Thoughts on A Man of Parts — David Lodge

* A Man of Parts is surprisingly dull despite H. G. Wells’s salacious, important life; there are too many passages like this:

Amber seemed to him a golden girl that summer and autumn, an almost mythical creature, such as the gods of classical Greece coveted and descended from the heights of Olympus to ravish in human disguise or in the form of some animal or bird.

The novel is dutiful yet has a limited feeling for what it’s like to be a writer; the novel deserves comedy but it isn’t particularly funny. There are good moments:

“You hear so much talk about sex, and read about it in books, and you don’t know what or who to believe, and anyway, words can never tell you what it’s actually like. Is it wonderful, or just ordinary?”
“It’s both wonderful and ordinary,” he said.

which capture the feeling of much of life; so often it’s two or more contradictory things at once, and the question of ordinariness or extraordinariness say much about the temperament of the consciousness doing the observing.

* The travails and politics of the Fabian Society arise in so many novels set in the 1890 – 1929 period, but in this novel their machinations are dull. Something like A. S. Byatt’s The Children’s Book covers similar territory but much more effectively, and more strangely.

* Science itself is mostly absent, as it is not from, say, Ian McEwan’s Solar or Peter Watt’s Blindsight.

* Novels about people who really know things are surprisingly rare.

A.S. Byatt and Tracy K. Smith speaking in New York

A.S. Byatt and poet Tracy K. Smith spoke in New York last night, and my favorite moment may have been Byatt’s comment on influence: she said, “I learn from dead people. I read books.” Which is accurate, simple, and too seldom mentioned. She also said, “If there is one thing I shall never do it is write a memoir.” But Byatt does watch viral YouTube videos, though I won’t offer the context. No word on whether she’s seen “Gangnam Style.” I wanted to listen to her indefinitely; she seemed low bullshit and subtly, Britishly funny in a way not conveyed by these quotes and perhaps not conveyed by any quotes. I would take her seminar despite the danger of being assigned Henry James and Melville.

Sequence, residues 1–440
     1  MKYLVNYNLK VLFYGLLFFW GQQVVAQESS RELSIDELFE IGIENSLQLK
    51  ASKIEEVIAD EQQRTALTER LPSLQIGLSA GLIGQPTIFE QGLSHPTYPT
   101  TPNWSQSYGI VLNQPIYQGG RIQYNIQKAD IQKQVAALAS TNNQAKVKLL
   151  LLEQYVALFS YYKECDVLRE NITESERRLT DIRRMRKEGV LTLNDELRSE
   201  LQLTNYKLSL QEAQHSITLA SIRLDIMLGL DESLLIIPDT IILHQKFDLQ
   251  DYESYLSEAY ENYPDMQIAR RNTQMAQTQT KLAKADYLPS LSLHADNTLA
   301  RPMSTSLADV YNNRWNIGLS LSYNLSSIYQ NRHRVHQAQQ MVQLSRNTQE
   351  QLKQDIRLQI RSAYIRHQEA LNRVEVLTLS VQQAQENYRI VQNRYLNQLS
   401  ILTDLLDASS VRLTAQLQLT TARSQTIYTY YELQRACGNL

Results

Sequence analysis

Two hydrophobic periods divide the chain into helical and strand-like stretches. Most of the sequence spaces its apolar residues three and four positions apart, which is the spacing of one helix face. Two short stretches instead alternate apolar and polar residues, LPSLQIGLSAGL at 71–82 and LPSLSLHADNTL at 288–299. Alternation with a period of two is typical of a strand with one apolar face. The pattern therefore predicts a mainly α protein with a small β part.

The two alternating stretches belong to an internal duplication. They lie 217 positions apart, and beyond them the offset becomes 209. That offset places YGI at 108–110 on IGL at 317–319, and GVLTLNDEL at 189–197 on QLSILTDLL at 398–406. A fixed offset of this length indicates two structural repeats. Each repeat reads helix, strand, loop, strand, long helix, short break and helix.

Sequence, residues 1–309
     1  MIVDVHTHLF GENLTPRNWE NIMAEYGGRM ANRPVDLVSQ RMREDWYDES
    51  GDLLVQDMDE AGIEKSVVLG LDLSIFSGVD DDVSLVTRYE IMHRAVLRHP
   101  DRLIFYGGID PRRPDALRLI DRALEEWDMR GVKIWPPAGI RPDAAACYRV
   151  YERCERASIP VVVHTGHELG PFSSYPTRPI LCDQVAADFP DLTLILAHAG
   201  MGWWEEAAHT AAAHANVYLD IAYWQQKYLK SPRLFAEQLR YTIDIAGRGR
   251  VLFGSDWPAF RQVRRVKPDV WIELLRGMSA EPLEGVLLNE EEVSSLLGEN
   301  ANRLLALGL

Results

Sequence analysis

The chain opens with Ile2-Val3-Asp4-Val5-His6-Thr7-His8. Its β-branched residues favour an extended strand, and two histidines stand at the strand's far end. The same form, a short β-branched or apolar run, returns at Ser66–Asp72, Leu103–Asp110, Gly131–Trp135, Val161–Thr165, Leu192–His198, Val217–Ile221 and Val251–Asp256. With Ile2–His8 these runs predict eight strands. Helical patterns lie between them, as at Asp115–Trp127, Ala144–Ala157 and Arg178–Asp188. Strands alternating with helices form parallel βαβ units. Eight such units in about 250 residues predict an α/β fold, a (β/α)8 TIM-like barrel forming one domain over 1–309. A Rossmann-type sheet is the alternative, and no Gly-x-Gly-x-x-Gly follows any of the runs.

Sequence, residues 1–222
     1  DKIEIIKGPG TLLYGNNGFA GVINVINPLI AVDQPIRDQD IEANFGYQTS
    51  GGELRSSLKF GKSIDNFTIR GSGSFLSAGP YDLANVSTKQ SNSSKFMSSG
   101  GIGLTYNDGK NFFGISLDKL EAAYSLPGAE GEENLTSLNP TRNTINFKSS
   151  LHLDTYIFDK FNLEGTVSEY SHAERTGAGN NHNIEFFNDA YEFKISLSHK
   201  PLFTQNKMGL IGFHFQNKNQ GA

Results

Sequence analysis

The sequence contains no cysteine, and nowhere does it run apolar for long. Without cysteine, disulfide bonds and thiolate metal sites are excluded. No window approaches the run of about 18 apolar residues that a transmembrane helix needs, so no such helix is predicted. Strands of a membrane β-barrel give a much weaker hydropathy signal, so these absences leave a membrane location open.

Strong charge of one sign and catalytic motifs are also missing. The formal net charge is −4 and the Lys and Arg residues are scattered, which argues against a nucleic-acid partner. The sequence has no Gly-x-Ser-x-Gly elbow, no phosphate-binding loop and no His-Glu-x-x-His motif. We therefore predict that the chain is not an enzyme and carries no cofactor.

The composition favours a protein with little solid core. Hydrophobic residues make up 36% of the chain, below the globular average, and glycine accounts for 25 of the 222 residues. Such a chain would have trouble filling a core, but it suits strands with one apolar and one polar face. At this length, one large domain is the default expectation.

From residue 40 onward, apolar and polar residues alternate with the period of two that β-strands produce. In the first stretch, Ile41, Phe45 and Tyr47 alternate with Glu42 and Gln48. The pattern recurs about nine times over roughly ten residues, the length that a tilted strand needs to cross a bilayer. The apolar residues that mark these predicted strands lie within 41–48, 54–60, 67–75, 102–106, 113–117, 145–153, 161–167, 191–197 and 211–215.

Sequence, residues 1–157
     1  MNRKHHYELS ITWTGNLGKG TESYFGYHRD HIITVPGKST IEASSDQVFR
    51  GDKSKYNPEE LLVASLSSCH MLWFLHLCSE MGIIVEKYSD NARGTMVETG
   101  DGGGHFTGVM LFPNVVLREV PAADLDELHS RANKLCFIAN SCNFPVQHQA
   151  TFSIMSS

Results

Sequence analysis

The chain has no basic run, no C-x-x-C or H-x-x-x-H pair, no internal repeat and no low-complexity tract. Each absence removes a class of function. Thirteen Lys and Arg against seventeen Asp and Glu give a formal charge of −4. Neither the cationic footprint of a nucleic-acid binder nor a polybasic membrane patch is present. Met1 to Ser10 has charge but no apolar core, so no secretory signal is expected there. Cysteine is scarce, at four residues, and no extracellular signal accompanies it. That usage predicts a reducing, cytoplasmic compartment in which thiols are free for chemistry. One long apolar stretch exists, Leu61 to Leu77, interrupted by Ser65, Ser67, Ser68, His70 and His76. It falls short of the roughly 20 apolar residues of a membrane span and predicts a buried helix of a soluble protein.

IMG_2029Byatt also said that at some point “I got sick of realism. . . and I realized realism is only one way of putting prose together.” That remark—”putting prose together” was deliberate. English’s promiscuous borrowing also delights her (as it does pretty much anyone who really writes), and to that I would add that English has a sophisticated technical vocabulary offering a rich lode of metaphors not always available, or easily available, in other languages, unless they’ve borrowed from English (often in turn borrowing from other languages).

One senses that literature for her is urgent, as it is for Roland Mitchell in Possession (in one of my favorite moments in the novel, Roland Mitchell explains that he stole letters from the British Library “Because they were alive. They seemed urgent,” implying that much of what happens in the British Library and academia is so not urgent that one must wonder if and why it should happen at all) and many characters in The Children’s Book. She makes me want to be a better writer.

Smith said, in the context of mentorship, that having someone ask different kinds of questions of your work can be useful. She’s right, though I’d never conceptualized the issue in those terms, and it’s difficult to find people who will ask questions different but still useful than those you ask yourself.

Does she like Billy Collins?

What’s wrong with Harry Potter? Sophistication.

In The Atlantic, David Thier describes How the ‘Harry Potter’ Movies Succeeded Where the Books Failed. I haven’t seen all the movies or read all the books, so I can’t comment on their relative merit, but notice this in Their’s post: